Vaccines are typically not the most profitable products in the Big Pharma catalog, especially compared to drugs used to treat chronic conditions.
Developing the vaccines was a gamble for the all the companies that tried, even with most drug makers accepting government grands.
That’s because there is an assumption among experts and executives at the drug companies that, even after the pandemic has passed, people will need to receive booster shots to protect themselves from new variants.
“Genetic mutations occur naturally during virus replication and spread,” Pfizer CEO Albert Bourla said in his most recent call with analysts. “There is an increasingly probable scenario when it could become necessary within the next few years to boost COVID-19 vaccinated patients with a vaccine encoding the spike variant.”
That will mean even more sales — and more profits — from the vaccine.
Bourla on Thursday defended Pfizer’s earnings from the vaccine even as Johnson & Johnson provides it on a not-for-profit basis. He pointed out that in poorer countries that can’t afford the less-than-$20 a dose, the vaccine is being provided at cost. Bourla also said that unlike some other companies, Pfizer did not take any taxpayer money to develop its vaccine and assumed all of the risk with an investment of between $1 billion to $2 billion in research and development.
And despite the large sums of money they are likely to bring in, the Covid vaccines are simply not a game changer for many of the big drug companies.
Pfizer, for one, expects 2021 revenue of between $44 billion and $46 billion, with profits of at least $14 billion, not counting any spike in revenue from its Covid vaccine. (Its revenues in in 2020 totaled $41.9 billion.) Pfizer and the other Big Pharma companies also have seen their share prices trail the gains in the S&P 500 over the course of the last 12 months.
One exception is Moderna, a relatively new pharmaceutical company which had no approved products for sale as recently as 2019. The drug maker had only $60 million in revenue that year, but took in $529 million in grant revenue and $200 million from early sales of its vaccine in 2020. The forecast for 2021 is for revenue of $16 billion, overwhelmingly from vaccine sales. Moderna shares are up 187% over the last 12 months.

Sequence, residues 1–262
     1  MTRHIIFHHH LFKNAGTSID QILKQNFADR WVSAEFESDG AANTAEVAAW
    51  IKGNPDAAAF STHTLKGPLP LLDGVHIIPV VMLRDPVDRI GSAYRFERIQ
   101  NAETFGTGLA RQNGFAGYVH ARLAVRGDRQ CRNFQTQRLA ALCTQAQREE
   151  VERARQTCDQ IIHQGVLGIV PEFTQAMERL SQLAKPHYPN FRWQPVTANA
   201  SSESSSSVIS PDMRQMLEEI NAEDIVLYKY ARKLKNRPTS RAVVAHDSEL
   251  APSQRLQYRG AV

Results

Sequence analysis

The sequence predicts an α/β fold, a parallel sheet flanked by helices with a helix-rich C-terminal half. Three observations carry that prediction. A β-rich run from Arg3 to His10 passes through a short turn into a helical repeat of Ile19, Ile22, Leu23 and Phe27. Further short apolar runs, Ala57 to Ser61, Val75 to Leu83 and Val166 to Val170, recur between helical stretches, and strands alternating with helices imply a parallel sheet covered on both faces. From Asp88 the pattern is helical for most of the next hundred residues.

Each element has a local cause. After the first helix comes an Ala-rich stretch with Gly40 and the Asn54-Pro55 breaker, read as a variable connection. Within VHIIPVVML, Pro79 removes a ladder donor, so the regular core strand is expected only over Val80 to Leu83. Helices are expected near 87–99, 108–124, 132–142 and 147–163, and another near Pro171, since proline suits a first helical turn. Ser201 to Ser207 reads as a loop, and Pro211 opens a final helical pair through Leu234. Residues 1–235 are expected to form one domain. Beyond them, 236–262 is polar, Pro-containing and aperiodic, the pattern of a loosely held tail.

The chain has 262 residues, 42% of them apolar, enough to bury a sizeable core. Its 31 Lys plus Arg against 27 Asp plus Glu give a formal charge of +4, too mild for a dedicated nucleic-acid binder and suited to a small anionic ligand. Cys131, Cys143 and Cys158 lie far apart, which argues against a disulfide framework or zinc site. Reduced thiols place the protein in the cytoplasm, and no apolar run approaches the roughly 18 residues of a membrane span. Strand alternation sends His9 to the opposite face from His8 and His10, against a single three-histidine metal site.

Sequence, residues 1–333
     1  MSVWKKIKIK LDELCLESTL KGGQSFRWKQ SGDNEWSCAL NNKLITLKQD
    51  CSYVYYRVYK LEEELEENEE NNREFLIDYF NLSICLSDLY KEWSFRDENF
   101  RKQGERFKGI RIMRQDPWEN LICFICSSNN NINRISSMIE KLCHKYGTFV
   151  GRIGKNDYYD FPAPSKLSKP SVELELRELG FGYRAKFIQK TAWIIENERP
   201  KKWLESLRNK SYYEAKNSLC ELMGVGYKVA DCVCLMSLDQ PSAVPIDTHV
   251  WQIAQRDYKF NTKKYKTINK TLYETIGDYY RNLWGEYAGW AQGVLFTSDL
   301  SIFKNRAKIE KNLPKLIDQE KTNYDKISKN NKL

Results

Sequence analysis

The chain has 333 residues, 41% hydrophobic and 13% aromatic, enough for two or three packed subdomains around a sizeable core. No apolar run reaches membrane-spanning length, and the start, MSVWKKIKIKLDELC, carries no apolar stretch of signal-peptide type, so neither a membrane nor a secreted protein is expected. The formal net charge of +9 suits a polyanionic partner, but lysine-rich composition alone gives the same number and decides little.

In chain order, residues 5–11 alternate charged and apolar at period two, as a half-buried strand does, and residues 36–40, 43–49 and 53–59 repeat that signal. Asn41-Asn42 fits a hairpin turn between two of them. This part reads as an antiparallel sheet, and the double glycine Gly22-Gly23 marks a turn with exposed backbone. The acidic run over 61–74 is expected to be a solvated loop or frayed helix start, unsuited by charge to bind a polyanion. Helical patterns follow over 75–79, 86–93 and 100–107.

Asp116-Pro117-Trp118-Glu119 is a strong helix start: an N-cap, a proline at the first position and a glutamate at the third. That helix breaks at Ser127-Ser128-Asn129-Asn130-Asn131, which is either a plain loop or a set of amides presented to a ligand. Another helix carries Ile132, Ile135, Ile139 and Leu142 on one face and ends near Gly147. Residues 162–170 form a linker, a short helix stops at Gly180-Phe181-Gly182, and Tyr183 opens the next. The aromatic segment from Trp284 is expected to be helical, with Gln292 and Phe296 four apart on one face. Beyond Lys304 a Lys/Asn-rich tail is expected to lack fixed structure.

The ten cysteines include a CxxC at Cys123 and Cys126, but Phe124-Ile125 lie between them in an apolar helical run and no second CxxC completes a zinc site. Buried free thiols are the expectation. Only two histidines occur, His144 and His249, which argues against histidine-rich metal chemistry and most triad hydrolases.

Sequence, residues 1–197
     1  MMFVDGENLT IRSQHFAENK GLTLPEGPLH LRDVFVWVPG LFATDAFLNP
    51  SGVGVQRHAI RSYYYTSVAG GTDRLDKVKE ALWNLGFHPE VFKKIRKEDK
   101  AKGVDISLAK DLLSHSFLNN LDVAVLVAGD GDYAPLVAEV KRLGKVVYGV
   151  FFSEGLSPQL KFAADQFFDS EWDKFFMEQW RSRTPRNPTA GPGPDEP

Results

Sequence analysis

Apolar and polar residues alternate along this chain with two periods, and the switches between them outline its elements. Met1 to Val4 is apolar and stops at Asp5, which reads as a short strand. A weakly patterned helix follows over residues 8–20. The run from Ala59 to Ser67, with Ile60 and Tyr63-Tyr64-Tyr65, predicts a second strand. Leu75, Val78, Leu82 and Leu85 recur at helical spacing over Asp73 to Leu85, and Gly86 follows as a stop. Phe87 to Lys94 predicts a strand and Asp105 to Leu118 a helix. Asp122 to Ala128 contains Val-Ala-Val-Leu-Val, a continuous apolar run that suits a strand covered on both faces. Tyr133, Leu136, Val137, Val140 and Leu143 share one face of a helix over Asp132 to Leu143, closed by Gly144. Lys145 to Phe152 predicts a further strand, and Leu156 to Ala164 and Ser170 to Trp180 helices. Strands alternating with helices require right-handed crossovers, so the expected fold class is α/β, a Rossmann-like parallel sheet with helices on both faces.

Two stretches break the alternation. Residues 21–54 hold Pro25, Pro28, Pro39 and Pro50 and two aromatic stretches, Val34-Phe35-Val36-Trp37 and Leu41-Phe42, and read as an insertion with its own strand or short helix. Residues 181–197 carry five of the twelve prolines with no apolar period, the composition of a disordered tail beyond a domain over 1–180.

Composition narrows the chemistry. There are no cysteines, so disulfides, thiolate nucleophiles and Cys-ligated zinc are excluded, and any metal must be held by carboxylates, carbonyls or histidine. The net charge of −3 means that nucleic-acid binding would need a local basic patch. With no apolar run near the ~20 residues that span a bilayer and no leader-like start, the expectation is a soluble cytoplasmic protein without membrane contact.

Governments around the globe have placed orders for 18 billion doses of various vaccines since late last year and so far this year, according to an estimate from Airfinity, a London based research firm. That’s more than enough to vaccinate every one of the nearly 8 billion people on the planet two times each. Those orders were placed before governments could be sure that all of the vaccines would be developed successfully, or that production by each company would be sufficient to meet demand.
And some development efforts did encounter problems.
But whether they add billions or nothing to the bottom lines of individual companies, one thing is clear; the vaccines are a PR boon for the industry unlike any ever seen.
Typically not even patients taking a drug on a daily basis know which drugmaker produced it. At best, they know the brand name of the drug, said Tinglong Dai, business professor at Johns Hopkins Unversity. The coronavirus vaccines, on the other hand, have given drug makers their best brand development to date, he said.
“There really has been a sea change in the way people perceive them,” Dai said. “They’re not greedy drug companies charging outrageous prices. They’re saving the world. It’s really brilliant PR.”
In fact, vaccine development could even help quiet the recent talk about government action to drive down drug prices, he said.